ey but expects wages and benefits to be on the increase when privately owned small businesses are struggling just to keep the lights on and Fortune 500 companies may already be employing an offshore strategy. We can’t have it both ways, but if lower costs are what consumers want, then American businesses have little choice but to meet that demand by trimming expenses. Any short-term gain Denton Publications could make by pursuing an offshore production opportunity would be a short-lived gain. Unfortunately, the reality of this global economy is that competition will force us to be competitive with India, China, Korea and others, what were once thought of as, Third-World economies. Faced with this choice on our small local level, one has to wonder about the future of our small communities and how we’ll compete on the world stage with countries far more ambitious and motivated. I, for one, never thought our ultra-local firm would face this choice. With the average wage in India being approximately $15 a day, I have been forced to ask myself: Am I foolish to not consider this opportunity? Do I risk all of our jobs should our corporate competitors move in this direction? Is this a choice of greed, competition or just good business sense? I’m unsure how to categorize it, but right now I know there is no way I’ll consider sending work overseas At the same time, I learned long ago to never say never. I just hope this never ... never arrives. Dan Alexander is publisher and owner of Denton Publications. He may be reached at email@example.com.
we have a tree in the center of the city that will continue to be lit with red lights to help keep the spirit of Go Red for Women alive throughout the month of February. And, the Regional Chapter of the American Heart Association has been very generous in their support of all our efforts to focus on heart disease over the last several weeks. Finally, a very, very, special thanks to the Plattsburgh State Gospel Choir. The motivating force of their voices was the perfect end of the day — the power of their music empowered us all to take charge of our lives and our health. Ron Marino Plattsburgh Sunrise Rotary President
Warning against Gardasil In a recent issue of the North Countryman there was an article promoting and recommending Gardasil for “protection” against HIV and other “benefits.” This drug manufactured by Merck Pharmaceuticals is dangerous! Women have died from this drug. Many have been afflicted with seizures, blood clots and other complications! For verification, log on to AmericanLifeLeague&Gardasil. Your health or life may be at stake! Rose Moore Champlain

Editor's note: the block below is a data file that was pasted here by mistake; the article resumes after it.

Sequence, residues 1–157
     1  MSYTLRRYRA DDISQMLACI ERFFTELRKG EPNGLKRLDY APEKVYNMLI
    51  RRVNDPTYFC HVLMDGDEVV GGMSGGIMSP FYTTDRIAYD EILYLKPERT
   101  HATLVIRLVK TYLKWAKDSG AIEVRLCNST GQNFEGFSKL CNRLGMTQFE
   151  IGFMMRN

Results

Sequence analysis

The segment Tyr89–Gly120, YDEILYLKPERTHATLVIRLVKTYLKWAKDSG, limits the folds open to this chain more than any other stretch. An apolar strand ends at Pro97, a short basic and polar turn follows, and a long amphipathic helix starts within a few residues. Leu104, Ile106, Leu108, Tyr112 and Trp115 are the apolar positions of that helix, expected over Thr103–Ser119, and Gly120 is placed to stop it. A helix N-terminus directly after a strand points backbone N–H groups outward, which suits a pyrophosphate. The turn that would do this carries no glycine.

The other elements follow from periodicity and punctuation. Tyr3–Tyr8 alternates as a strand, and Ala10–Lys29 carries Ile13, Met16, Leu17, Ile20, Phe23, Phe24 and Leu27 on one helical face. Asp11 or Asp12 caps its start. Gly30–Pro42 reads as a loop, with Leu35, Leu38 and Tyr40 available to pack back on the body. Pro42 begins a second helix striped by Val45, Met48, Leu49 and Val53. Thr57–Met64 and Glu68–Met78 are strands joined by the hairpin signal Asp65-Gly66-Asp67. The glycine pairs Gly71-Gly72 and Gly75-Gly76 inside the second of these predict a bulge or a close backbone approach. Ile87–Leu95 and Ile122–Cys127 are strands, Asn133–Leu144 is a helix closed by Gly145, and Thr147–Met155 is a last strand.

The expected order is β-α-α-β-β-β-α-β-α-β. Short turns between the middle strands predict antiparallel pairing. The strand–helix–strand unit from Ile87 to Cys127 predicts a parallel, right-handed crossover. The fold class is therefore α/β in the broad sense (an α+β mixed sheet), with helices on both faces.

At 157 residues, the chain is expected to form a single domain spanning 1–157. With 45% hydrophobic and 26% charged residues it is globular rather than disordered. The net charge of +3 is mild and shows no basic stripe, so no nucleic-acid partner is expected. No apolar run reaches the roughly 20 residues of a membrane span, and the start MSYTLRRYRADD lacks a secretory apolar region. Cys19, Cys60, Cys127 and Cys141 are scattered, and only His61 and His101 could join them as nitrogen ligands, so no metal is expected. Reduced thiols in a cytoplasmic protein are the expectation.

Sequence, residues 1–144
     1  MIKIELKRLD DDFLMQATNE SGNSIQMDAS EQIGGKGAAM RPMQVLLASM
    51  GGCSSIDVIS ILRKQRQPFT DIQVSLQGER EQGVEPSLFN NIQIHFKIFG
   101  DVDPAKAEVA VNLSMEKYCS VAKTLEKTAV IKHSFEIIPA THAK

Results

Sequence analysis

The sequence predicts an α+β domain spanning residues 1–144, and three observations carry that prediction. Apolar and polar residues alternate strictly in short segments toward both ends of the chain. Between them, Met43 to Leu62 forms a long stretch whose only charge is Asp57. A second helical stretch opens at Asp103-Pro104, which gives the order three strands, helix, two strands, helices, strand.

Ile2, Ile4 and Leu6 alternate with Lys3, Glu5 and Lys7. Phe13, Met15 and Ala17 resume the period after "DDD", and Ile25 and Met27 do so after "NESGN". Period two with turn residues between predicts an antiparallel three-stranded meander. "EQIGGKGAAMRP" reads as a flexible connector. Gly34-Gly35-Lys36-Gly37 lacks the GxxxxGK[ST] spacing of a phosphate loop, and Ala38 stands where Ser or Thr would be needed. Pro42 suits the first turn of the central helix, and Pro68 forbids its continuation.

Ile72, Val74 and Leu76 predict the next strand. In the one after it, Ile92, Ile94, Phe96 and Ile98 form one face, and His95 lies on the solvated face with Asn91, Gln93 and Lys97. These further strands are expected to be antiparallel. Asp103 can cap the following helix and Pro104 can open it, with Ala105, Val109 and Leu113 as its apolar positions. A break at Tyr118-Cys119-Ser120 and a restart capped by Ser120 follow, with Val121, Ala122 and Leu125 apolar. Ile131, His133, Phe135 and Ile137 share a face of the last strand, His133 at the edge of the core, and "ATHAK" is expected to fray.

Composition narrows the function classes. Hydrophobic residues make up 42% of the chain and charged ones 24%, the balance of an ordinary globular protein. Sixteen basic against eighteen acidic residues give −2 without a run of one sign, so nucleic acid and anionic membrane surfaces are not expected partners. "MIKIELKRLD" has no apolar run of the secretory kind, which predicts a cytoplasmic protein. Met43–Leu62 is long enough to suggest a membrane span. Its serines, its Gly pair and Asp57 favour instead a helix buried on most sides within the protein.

editorial and opinion • 7
Maximizing technology usage How to reduce your junk mail
ome technology integration is the joining of various home systems to make things easier to operate, offer cost savings, or provide a combination of benefits to the homeowner. HTI has been around long enough to be considered a complete industry with dedicated manufacturers and at least one certification program offered through CompTIA. HTI may be applied narrowly with simple convenience items like setting all household computers to use one printer or more widely with utility cost-saving measures like automatic thermostat control with automatic window blind control. Full-blown integration offers nearly anything from remotely knowing who is at the front door by way of a security camera video feed to a smart phone to a system that turns lights on or off as a room is entered or exited. Before HTI, everything was handled by whatever industry typically handled the job. Wiring jobs were done by electricians, Internet Service Providers took care of Internet connectivity, and various retailers took care of stereo systems, computers and so forth. While many things are still done that
way, the increasing sophistication and interconnection between newer devices has created a need for workers who can do it all and that need is putting home technology integration back on the map. A worker in HTI would be considered a home systems technician. They would have the ability to install, integrate and troubleshoot many of the new home technology products and systems which gives homeowners the ease of one-stop shopping for technological needs. For the do-it-yourself crowd check out Home Toys at hometoys.com for more information on products, reviews and self-help tutorials. For those experienced with operating systems, head over to the Linux MCE site at linuxmce.com and take a look at a free open-source project that provides a great HTI starter platform. Ron Poland is a professor in the Computer Information Systems AAS program at Clinton Community College. Poland is certified in computer repair and networking by the Computer Technology Industry Association (CompTIA). He is also a Cisco certified network assistant. Questions may be sent to him via e-mail at firstname.lastname@example.org.
Our Furry Friends Our Furry Friends is a weekly feature in the ‘burgh. For more information about these and other fine pets available for adoption, contact: Adirondack Humane Society, 134 Idaho Ave., Plattsburgh,
561-7297 Elmore SPCA, 510 Arthur Road, Peru,
o you get too much junk mail? To most people, any junk mail is too much! If your mailbox at home or work is overflowing with unwanted solicitations, you have probably wondered what you can do about it. On the Internet, go to www.directmail.com/directory/mailpreference/ and ask them to take your name off unwanted mailing lists. Make sure to provide them with all the different variations of your name under which you receive junk mail. Be patient, it may take a few months before you see any results. Registering with DMA will remove your name from unwanted mailing lists for five years. Remember, you need to provide DMA with your full name (and any variations of your name) and your address (and any variations of your address). Contact the companies that send you unwanted mail and tell them to remove your name from their mailing list. Don’t sign up for information you don’t really want. If you subscribe to a magazine, book club or other publication, call or write to tell them not to give your name to other companies. Check www.catalogchoice.org. They offer a free service that will